Monday, July 12, 2004

They've found our vulnerability!

The recent "ruling" of the International "Court" of "Justice" against Israel's right to self-defense reminds me of various installments of assorted Star Trek series in which the captain and/or crew of the Enterprise, having exercised their ingenuity and stamina to save the universe from imminent destruction, are then hauled up before some tribunal, legitimate or tyrannical, on charges of violating military orders, interplanetary law, natural justice or what have you. (Take, for example, Star Trek IV, Star Trek VI, Encounter at Farpoint.)

Since ancient times, the Jewish people have been strong believers in universal justice and the rule of law. You can persecute us, you can massacre us, but don't you dare accuse us of lawlessness! Have the Arabs concluded that they can't defeat us with guns or bombs, but they can with lawyers and judges?

Unfortunately, they've presumably concluded that they can defeat us in the courtroom while they continue to assault us with guns and bombs. Apparently, bombing buses and cafes is an understandable reaction to Israel's outrageous lawbreaking.

I haven't read the "court"'s "opinion", but I did browse the dissent of the American judge, Thomas Buergenthal. He notes (after objecting to the court's decision to hear the case at all) that the court has, in effect, ruled that the right to national self-defense guaranteed in the United Nations Charter only applies "in the case of armed attack by one State against another State".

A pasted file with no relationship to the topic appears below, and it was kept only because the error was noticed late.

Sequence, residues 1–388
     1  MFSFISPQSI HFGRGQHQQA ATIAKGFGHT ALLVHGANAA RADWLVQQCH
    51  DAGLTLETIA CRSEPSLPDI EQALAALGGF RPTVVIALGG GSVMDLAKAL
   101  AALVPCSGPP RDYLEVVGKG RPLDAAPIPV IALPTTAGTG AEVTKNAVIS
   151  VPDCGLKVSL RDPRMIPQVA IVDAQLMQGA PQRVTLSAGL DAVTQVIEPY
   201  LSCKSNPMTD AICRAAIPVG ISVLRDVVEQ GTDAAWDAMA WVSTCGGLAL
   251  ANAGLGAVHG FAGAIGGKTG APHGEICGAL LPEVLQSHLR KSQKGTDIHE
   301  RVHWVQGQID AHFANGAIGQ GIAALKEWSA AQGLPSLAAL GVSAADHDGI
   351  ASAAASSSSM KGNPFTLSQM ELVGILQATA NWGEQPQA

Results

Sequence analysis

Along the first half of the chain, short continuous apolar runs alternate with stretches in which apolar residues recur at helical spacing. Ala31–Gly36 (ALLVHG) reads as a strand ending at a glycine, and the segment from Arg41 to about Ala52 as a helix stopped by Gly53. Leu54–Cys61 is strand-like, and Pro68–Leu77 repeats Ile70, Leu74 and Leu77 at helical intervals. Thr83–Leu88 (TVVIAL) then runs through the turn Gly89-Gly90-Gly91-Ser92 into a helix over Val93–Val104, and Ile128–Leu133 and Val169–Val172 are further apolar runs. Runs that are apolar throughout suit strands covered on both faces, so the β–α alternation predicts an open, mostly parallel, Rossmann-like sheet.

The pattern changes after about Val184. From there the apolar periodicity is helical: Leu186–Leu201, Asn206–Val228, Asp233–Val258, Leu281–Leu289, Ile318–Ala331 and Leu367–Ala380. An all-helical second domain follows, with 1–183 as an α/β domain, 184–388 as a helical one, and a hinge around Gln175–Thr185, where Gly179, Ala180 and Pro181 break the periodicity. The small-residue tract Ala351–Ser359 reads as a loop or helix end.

In other words, the court has ruled that a nation has no right to defend itself against terrorists, or other non-state threats! I wonder whether our European "allies" agree?

Many have noted that Israel is the only side in this conflict that even attempts to abide by national and international law towards its enemies. But one increasingly wonders why we bother.

This should go without saying, but the legitimacy of law is not inherent in its being law. It derives from its representation of some form of higher justice. Some laws may be closer to that ideal than others, but law which serves the purposes of the powers which define it, which is interpreted arbitrarily and which bears no visible relationship to the principles of justice, is nothing more than corruption.

See, for example, the story of Lot, newly arrived in Sodom, who was berated by the locals for trying to prevent them from raping his houseguests: "Has this one come to reside here and now he acts as a judge?" The city is soon destroyed by fire and brimstone.

The UN, too, is beyond salvation.

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